media gave the U.S. election far greater coverage than the
Howard/Rudd contest in Australia. There has been a steady
diet of media reporting and newspaper articles on the U.S.
election since before the primaries, with coverage
intensifying in the last month. Both major newspapers on
November 6 devoted their editorial columns to the U.S.
election; the New Zealand Herald's world section was expanded
on November 6 and almost exclusively devoted to the U.S.
election. One news station gave five hours of coverage to
the election. No detail was too insignificant and there was
great interest in the U.S. electoral college. The Consul
General in Auckland was on television on November 5
explaining the electoral college system, and many New
Zealanders understand the U.S. system better than most

6. (SBU) Press reaction has been highly positive,
characterizing the historic nature of the election win of
Obama and 2009 as a turning point for U.S. relations with the
world. Many of the New Zealanders at the mission-sponsored

WELLINGTON 00000376 002 OF 002

events viewed the President-elect as a
post-ideological/political figure and inspirational beyond
U.S. borders. Obama's acceptance speech was quoted at length
by all media outlets and given prominence by most
commentators. On the implications of Obama's election on
US-New Zealand relations, some journalists have focused on
trade as an area where a Democratic Administration in
Washington may not be as amenable to a trade agreement
between the two countries.

Helen and John Who?

7. (SBU) Overlapping with televised coverage of the U.S.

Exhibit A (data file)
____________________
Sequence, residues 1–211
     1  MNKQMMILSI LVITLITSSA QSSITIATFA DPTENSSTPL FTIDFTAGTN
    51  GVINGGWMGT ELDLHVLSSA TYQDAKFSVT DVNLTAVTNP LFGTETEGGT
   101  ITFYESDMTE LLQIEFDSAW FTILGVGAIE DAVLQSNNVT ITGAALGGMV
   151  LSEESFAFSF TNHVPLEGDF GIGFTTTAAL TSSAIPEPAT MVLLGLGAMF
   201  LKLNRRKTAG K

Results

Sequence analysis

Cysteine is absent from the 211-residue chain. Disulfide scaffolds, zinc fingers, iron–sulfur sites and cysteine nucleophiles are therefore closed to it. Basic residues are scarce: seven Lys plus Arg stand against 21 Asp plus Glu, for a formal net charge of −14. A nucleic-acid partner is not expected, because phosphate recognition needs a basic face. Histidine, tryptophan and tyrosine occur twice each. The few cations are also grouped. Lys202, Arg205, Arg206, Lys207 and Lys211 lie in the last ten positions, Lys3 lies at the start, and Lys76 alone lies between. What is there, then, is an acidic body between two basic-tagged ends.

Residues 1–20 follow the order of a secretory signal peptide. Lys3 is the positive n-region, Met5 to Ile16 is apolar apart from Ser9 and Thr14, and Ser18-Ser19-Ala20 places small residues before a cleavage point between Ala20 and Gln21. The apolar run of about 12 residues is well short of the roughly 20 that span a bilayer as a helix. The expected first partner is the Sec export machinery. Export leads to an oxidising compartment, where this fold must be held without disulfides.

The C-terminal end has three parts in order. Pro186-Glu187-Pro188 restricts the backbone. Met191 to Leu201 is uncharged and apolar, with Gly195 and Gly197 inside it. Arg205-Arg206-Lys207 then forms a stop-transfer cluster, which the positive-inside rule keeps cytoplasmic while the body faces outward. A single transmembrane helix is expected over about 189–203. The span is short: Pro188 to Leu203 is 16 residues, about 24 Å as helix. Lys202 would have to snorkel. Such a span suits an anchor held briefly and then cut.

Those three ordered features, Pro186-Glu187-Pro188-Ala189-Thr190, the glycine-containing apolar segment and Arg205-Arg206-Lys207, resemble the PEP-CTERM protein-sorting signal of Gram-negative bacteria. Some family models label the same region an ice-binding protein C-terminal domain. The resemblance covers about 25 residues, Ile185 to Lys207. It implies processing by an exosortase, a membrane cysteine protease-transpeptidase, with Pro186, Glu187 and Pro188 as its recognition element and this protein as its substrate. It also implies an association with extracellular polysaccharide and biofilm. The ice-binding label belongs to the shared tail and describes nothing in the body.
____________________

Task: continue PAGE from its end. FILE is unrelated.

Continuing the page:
election returns on the evening of November 5 was the third
and final leaders debate between Helen Clark and John Key.
The final debate between the two leaders was more restrained
and polite than the other two, with both politicians seeking
to wrap up their respective campaigns on a high note. Media
pundits roundly gave the debate to Clark, although the
public's attention has largely been diverted to the U.S.
election. The debate came on while the U.S. Embassy party
was still going on in Wellington, and we switched on one
television to the debate for the remaining guests. No one
bothered to watch, preferring to continue discussions about
the U.S. election. Privately, several guests lamented that
the New Zealand contest has lacked the spark and historic
significance of the U.S. election.

8. (SBU) One recent poll shows voters preferring a
National-led government with nearly 50 percent of the vote
and a Labour-led govenment at 40.7 percent. If these results
mirror Saturday's vote totals, National could form a
government easily in the post-election period with the
support of the two minor parties (Act and United Future) who
have already indicated a willingness to join in a
National-led government. Both Clark and Key drew
encouragement from the U.S. election results. Helen Clark
said the Democratic victory signalled a move to the left in
the United States, while John Key compared the mood for
change in the U.S. to that in New Zealand.


9. (SBU) New Zealanders have warmly welcomed Barack Obama's
election and the Embassy and ConGen Auckland have received
overwhelmingly positive feedback for hosting events on the
U.S. election night. The crowds at both sites were strongly
pro-Obama, and there was a sense of delight and amazement at
how America could reinvent itself with a President from
less-than-optimal circumstances. The most repeated sentiment
was "this could only happen in America."

© Scoop Media